The electric actuator uses an electric motor to provide torque to operate a valve. They are quiet, non-toxic and energy efficient. However, electricity must be available, which is not always the case.
Spring-based actuators hold back a spring. Once any anomaly is detected, or power is lost, the spring is released, operating the valve. They can only operate once, without resetting, and so are used for one-use purposes such as emergencies. They have the advantage that they do not require a powerful electric supply to move the valve, so they can operate from restricted battery power, or automatically when all power has been lost.
A linear actuator opens and closes valves that can be operated via linear force, the type sometimes called a "rising stem" valve. These types of valves include globe valves, rising stem ball valves, control valves and gate valves. The two main types of linear actuators are diaphragm and piston.
Diaphragm actuators are made out of a round piece of rubber and squeezed around its edges between two side of a cylinder or chamber that allows air pressure to enter either side pushing the piece of rubber one direction or the other. A rod is connected to the center of the diaphragm so that it moves as the pressure is applied. The rod is then connected to a valve stem which allows the valve to experience the linear motion thereby opening or closing. A diaphragm actuator is useful if the supply pressure is moderate and the valve travel and thrust required are low.
Piston actuators use a piston which moves along the length of a cylinder. The piston rod conveys the force on the piston to the valve stem. Piston actuators allow higher pressures, longer travel ranges, and higher thrust forces than diaphragm actuators.
A spring is used to provide defined behavior in the case of loss of power. This is important in safety related incidents and is sometimes the driving factor in specifications. An example of loss of power is when the air compressor (the main source of compressed air that provides the fluid for the actuator to move) shuts down. If there is a spring inside of the actuator, it will force the valve open or closed and will keep it in that position while power is restored. An actuator may be specified "fail open" or "fail close" to describe its behavior. In the case of an electric actuator, losing power will keep the valve stationary unless there is a back up power supply.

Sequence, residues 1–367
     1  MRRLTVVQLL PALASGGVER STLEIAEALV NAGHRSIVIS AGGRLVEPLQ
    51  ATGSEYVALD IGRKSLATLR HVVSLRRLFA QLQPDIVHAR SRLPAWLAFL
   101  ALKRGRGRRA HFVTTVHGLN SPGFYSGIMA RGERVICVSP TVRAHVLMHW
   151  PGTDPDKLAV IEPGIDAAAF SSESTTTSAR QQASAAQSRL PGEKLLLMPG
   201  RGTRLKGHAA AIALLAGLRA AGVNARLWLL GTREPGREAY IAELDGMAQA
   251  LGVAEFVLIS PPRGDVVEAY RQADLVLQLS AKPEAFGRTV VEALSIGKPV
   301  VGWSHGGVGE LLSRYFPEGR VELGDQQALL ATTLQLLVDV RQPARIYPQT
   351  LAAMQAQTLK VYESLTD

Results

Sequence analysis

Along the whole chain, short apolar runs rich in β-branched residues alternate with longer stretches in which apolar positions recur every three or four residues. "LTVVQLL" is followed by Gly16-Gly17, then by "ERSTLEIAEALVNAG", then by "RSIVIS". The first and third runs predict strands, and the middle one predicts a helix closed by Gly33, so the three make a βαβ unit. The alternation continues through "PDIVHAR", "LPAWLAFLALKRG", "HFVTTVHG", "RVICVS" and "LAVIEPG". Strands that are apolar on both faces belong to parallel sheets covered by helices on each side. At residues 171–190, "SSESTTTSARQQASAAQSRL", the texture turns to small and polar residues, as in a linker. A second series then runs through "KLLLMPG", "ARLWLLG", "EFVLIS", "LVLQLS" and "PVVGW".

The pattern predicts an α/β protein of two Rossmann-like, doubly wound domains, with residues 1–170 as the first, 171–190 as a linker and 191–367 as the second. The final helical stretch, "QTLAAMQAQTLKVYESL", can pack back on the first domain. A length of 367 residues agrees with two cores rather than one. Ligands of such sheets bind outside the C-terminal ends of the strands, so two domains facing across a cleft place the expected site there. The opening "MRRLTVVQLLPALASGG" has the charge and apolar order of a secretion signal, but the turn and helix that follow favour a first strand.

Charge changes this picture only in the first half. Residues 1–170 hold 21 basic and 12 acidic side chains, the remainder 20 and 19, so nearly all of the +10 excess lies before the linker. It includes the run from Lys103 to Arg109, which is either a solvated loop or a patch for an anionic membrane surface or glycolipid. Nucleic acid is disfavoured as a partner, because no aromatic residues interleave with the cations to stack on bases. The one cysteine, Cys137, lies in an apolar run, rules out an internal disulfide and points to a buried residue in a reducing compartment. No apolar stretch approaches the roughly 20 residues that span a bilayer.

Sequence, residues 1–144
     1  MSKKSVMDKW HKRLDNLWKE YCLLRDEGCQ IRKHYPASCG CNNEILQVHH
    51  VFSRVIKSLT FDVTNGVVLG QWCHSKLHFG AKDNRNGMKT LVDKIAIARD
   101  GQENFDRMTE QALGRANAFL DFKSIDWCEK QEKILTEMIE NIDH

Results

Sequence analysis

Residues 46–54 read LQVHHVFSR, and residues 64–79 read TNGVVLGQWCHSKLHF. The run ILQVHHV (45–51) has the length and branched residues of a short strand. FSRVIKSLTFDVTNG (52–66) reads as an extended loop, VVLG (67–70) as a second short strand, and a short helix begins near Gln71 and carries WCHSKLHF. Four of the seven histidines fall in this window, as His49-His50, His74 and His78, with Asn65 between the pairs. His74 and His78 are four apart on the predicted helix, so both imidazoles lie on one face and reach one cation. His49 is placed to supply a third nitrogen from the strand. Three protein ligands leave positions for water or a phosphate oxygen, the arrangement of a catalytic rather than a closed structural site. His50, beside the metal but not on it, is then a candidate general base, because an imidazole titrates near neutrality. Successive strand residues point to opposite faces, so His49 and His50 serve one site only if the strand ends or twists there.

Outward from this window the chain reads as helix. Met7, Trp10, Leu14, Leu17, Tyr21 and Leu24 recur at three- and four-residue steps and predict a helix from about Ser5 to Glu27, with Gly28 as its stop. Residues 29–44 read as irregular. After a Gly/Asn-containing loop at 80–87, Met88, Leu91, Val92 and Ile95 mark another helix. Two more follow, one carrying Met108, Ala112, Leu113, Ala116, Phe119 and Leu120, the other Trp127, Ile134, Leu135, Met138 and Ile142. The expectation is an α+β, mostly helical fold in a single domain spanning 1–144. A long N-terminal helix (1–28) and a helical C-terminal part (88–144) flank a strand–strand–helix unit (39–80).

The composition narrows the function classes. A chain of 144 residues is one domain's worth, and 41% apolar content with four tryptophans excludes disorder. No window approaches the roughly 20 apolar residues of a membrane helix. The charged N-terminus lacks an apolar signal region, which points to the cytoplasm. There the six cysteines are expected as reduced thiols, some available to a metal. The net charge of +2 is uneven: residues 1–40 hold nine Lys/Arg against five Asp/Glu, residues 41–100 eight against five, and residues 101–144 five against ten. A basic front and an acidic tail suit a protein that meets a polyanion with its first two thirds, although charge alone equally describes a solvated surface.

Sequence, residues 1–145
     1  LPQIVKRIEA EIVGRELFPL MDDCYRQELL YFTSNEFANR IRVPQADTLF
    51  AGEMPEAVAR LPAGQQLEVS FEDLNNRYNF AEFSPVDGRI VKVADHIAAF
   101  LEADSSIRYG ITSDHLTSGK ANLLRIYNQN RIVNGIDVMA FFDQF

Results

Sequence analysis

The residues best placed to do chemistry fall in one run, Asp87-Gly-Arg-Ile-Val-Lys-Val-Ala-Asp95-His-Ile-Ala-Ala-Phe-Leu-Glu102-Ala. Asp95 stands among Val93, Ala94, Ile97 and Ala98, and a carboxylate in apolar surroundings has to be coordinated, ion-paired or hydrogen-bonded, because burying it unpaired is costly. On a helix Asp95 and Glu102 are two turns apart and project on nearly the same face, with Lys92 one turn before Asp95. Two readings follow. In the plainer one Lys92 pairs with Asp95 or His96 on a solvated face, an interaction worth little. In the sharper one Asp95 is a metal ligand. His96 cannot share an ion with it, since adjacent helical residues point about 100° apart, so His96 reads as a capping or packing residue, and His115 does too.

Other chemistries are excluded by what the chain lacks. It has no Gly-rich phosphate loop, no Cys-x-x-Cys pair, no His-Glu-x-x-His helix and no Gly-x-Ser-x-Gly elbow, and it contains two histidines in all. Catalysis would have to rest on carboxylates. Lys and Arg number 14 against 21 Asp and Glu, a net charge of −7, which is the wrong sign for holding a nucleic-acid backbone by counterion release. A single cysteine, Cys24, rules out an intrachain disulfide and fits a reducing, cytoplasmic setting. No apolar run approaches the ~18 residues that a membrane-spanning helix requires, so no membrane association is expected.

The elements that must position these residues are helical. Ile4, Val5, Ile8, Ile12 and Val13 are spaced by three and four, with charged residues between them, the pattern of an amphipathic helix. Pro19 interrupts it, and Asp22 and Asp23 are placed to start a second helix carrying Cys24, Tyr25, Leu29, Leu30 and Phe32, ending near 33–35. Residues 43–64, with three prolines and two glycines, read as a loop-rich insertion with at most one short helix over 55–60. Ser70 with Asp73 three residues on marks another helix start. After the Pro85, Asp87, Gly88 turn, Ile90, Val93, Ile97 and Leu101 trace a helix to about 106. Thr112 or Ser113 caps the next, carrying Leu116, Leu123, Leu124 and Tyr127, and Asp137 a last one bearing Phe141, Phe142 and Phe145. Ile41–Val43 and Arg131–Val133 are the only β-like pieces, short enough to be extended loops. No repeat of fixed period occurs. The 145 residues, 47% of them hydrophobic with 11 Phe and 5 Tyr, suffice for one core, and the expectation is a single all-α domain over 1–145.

A typical representative of the valves to be automated is a plug-type control valve. Just like the plug in the bathtub is pressed into the drain, the plug is pressed into the plug seat by a stroke movement. The pressure of the medium acts upon the plug while the thrust unit has to provide the same amount of thrust to be able to hold and move the plug against this pressure.
Features of an electric actuator
Robust asynchronous three-phase AC motors are mostly used as the driving force, for some applications also single-phase AC or DC motors are used. These motors are specially adapted for valve automation as they provide higher torques from standstill than comparable conventional motors, a necessary requirement to unseat sticky valves. The actuators are expected to operate under extreme ambient conditions, however they are generally not used for continuous operation since the motor heat buildup can be excessive.
Limit and torque sensors (2)